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The 10-Point: My Guide to the Day's Top News

The Wall Street Journal
Good morning,
Health Problems
Opposition is mounting against the GOP’s health bill. Groups representing hospitals, doctors and seniors are urging House Republican leaders to put the brakes on their plan to overhaul the Affordable Care Act, saying it risks stripping too many people of insurance and in some cases would hurt industry finances. On a day when two House committees began formally debating the newly unveiled GOP plan, the cautions and opposition from groups such as AARP, which represents older Americans, the American Medical Association and the American Hospital Association showed the difficult path ahead for the legislation. Republican leaders are also scrambling to satisfy a large cadre of conservative lawmakers who want to scale back the government’s role in health care and oppose a new set of tax credits in the bill aimed at helping people buy insurance.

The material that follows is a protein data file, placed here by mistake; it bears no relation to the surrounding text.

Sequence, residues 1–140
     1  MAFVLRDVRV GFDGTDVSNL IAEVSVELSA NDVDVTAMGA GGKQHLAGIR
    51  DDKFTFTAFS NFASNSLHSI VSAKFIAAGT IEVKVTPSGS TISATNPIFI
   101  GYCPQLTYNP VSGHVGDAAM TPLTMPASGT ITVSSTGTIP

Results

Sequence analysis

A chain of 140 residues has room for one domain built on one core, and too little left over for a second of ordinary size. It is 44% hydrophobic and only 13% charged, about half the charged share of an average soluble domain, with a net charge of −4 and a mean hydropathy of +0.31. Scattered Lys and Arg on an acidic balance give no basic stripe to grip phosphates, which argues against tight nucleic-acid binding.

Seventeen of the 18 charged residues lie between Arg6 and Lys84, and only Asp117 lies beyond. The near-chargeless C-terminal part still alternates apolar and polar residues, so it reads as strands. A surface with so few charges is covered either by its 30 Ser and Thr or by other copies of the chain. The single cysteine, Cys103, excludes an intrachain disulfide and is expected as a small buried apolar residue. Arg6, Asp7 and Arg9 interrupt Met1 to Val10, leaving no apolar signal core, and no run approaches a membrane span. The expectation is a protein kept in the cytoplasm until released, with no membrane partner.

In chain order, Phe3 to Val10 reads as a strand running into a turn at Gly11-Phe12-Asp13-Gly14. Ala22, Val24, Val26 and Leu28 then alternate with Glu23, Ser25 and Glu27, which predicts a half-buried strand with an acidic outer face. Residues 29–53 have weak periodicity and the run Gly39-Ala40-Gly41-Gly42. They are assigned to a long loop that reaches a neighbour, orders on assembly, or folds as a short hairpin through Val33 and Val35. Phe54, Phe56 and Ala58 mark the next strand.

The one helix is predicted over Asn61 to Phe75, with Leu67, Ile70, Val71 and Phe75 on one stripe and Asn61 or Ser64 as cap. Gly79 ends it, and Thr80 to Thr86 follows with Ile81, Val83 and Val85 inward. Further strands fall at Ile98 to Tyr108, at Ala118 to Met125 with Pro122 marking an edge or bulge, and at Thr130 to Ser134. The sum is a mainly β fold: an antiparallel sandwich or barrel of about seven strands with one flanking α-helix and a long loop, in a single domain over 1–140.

Lost Savings
Stocks are hitting record after record. The Dow Jones Industrial Average has tripled since it bottomed out during the financial crisis exactly eight years ago. But for many retirees who’ve been riding that wave, these are risky and confusing times. The drop in interest rates since the financial crisis cost U.S. savers almost $1 trillion in lost income from savings accounts, CDs and bonds from the start of 2008 through 2015, taking into account money saved on debt costs. There are few signs of imminent improvement. The Federal Reserve is signaling it will raise short-term interest rates more aggressively this year, yet few investors expect yields to approach any time soon the levels they routinely achieved during the decade leading up to the financial crisis.
A Family Affair